- Intellectual Disability

Even though people with an ID or II have common needs and experience common difficulties, it is important to note that all individuals are different with their own individual interests, likes and dislikes, strengths and weaknesses.

The commonalities are outlined below.

An ID or II affects the cognitive functions, meaning the thought-related processes such as:

Planning

Organisation

Attention

Regulation

Reasoning

Effective problem solving

People with an ID or II have difficulties with:

Information reception (understanding the message)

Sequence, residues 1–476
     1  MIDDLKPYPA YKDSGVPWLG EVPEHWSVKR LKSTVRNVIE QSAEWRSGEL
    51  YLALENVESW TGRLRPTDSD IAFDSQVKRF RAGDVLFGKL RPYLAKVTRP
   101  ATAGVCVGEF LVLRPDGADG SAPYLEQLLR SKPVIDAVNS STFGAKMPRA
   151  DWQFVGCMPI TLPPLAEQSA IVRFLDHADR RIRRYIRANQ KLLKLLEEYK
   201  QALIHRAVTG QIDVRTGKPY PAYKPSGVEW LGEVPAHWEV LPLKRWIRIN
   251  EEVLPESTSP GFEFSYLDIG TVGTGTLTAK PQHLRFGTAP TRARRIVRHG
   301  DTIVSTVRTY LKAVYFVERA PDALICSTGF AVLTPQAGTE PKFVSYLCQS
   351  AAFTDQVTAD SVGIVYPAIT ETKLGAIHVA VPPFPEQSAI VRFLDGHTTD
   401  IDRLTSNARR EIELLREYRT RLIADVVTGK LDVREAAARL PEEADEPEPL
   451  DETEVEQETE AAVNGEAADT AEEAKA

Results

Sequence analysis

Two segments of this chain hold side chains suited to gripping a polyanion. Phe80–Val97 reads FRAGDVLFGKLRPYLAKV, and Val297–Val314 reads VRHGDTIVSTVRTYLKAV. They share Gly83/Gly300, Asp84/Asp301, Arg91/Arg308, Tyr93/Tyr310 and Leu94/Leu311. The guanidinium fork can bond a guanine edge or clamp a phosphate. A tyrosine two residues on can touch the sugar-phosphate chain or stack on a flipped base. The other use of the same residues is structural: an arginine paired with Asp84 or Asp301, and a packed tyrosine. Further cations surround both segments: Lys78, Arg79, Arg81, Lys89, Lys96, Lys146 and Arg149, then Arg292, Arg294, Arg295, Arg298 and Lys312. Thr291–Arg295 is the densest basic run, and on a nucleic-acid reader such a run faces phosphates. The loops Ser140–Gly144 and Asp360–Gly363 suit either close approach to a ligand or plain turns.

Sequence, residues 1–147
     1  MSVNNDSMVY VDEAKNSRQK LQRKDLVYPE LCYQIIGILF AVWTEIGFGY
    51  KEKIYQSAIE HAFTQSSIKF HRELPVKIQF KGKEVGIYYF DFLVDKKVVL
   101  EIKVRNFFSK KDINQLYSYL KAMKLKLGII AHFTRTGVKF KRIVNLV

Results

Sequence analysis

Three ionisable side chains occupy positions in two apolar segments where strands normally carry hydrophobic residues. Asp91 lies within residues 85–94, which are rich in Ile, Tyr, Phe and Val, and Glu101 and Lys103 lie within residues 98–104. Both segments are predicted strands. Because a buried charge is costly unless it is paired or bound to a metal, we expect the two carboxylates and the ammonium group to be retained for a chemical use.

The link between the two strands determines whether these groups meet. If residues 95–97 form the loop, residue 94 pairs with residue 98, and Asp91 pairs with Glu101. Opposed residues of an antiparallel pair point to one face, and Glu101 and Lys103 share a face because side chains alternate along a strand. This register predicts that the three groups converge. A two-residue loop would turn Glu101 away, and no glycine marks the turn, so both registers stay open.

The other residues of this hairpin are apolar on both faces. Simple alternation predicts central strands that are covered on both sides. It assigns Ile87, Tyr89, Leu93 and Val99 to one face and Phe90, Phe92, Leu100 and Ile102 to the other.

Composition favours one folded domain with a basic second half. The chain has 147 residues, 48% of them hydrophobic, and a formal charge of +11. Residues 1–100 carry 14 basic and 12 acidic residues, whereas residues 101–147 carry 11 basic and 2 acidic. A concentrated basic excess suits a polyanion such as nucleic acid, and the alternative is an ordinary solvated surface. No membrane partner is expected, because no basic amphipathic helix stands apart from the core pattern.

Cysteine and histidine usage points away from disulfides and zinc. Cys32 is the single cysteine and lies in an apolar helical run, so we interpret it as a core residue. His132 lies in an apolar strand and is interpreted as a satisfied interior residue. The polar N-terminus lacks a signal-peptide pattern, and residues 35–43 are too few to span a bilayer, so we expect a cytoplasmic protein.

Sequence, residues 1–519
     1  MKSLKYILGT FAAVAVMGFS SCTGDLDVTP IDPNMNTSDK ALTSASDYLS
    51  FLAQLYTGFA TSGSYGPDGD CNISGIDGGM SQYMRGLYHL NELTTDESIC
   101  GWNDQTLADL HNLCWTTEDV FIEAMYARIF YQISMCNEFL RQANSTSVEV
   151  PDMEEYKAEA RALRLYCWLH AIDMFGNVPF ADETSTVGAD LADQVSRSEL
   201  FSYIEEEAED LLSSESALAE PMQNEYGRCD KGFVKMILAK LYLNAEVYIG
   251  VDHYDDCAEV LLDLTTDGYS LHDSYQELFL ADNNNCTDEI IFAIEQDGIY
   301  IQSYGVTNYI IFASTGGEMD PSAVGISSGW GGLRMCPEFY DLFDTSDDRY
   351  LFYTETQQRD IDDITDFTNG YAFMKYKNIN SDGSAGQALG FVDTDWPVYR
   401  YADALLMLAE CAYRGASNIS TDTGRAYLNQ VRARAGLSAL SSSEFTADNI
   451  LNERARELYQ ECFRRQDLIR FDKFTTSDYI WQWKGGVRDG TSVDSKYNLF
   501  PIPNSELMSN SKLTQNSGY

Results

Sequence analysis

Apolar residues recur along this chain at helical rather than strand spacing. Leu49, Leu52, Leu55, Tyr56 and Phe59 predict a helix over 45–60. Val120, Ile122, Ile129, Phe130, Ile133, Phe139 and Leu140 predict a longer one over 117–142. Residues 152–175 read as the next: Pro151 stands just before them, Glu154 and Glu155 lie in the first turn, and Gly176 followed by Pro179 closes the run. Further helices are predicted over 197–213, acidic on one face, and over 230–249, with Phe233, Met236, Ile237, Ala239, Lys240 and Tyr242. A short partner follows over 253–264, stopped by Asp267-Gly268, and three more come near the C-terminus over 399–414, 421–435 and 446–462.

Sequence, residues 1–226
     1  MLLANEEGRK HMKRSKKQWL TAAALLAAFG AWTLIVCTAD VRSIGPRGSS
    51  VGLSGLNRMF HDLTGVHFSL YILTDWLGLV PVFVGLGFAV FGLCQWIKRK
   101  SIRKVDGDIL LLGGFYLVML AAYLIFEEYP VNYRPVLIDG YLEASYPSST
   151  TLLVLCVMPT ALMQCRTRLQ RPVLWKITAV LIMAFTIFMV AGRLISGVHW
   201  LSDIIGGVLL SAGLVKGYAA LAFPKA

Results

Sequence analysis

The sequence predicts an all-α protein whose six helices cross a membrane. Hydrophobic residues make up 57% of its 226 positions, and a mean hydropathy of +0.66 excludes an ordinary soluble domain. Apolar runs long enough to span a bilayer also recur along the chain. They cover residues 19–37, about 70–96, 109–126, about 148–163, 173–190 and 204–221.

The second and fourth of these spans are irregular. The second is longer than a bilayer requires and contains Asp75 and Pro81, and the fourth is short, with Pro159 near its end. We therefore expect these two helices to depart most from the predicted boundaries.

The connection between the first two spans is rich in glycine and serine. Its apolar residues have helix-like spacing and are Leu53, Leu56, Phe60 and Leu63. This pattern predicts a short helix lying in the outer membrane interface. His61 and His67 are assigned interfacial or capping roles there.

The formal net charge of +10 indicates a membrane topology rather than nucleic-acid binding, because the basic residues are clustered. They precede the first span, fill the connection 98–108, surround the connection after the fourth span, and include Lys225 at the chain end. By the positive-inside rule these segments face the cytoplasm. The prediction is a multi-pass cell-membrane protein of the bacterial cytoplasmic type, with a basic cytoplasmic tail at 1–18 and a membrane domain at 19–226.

Information processing (giving meaning to the message)

Retaining information (memorising information)

Expressing information (responding)

These difficulties affect the overall functioning of the individual.

It affects the:

Ability to learn

Communication

Daily living tasks (i.e. personal care, meal preparation, getting around independently, managing money)

Social interaction

Behavioural challenges in people with an ID or II are mainly related to an inconsistent approach, overestimation and unmet needs.

Treatment will be focused on finding out the possible motives behind the behaviour including cause and reinforcements. Concrete strategies will be determined based on the outcome of the assessment.

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